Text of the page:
LONDON, Sept 17 (Reuters) - British luxury sportscar maker Aston Martin is looking to get more engaged in Formula One, chief executive Andy Palmer said on Sunday amid speculation of a title partnership with Red Bull and future engine involvement.
“We want to be more involved in the sport,” Palmer told Britain’s Channel 4 television while attending the Singapore Grand Prix.
“We’re currently studying the 2021 engine. If we get a reasonable regulation that brings down the cost of the engine, Aston would like to be involved in the engine,” added the Briton.
“And then of course we’d like to be involved a little more next season and then join the dots. But it really depends on what happens with the engine regs.”
Red Bull and Aston Martin have an existing relationship, with the team’s race cars carrying branding for the marque since last year.
Top designer Adrian Newey, whose Renault-powered Red Bull race cars won four successive drivers’ and constructors’ titles between 2010-13, has worked with Aston Martin on the AM-RB 001 Valkyrie ‘hypercar’.
Media reports have suggested Aston could become Red Bull’s title sponsor next season.
Former Nissan executive Palmer was a key figure in negotiating just such a previous deal for the Japanese manufacturer’s Infiniti brand, which has now gone to the Renault works team, to partner Red Bull.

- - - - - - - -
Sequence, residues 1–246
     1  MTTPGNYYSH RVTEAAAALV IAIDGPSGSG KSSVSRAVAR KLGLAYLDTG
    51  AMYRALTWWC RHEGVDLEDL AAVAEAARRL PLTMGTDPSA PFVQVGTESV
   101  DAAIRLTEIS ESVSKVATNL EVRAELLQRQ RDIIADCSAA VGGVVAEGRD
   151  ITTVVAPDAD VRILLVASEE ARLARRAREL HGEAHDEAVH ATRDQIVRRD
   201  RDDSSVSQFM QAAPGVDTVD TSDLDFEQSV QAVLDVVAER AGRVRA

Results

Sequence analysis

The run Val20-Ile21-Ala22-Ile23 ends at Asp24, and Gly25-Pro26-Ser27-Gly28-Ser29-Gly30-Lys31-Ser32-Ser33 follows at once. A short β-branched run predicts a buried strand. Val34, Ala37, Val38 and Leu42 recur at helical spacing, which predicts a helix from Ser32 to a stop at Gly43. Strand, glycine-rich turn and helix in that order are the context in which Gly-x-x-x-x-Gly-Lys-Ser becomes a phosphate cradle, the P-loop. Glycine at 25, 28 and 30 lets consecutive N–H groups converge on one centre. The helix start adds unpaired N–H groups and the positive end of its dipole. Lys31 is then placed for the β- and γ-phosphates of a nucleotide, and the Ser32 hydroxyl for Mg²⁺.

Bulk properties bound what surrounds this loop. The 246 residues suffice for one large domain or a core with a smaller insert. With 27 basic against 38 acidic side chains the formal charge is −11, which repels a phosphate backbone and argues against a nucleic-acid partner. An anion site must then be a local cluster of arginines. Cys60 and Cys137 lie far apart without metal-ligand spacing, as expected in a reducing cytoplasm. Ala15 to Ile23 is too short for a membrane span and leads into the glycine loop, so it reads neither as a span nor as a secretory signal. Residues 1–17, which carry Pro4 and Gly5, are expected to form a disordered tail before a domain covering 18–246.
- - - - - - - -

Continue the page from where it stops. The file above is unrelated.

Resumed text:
The British-based team currently use Renault engines, branded Tag Heuer.
Formula One, under new management since U.S.-based Liberty Media took over in January, and the governing FIA are looking at what sort of unit will power the series once the current agreement expires in 2020.
The aim is to bring down costs and allow a cheaper and less complex engine than the current 1.6 litre V6 turbo hybrid power units, one that could also encourage new manufacturers into the sport.
Aston Martin, a 104-year-old firm whose road cars have become closely associated with fictional British secret agent James Bond, last competed in Formula One in 1960.
The company is now owned mainly by Kuwaiti and Italian investors and is seeking to boost its share of U.S. markets.
Last month Aston reported its first half-yearly profit in almost a decade and it expects full-year volumes to rise by around a third to roughly 5,000 cars. (Editing by Clare Fallon)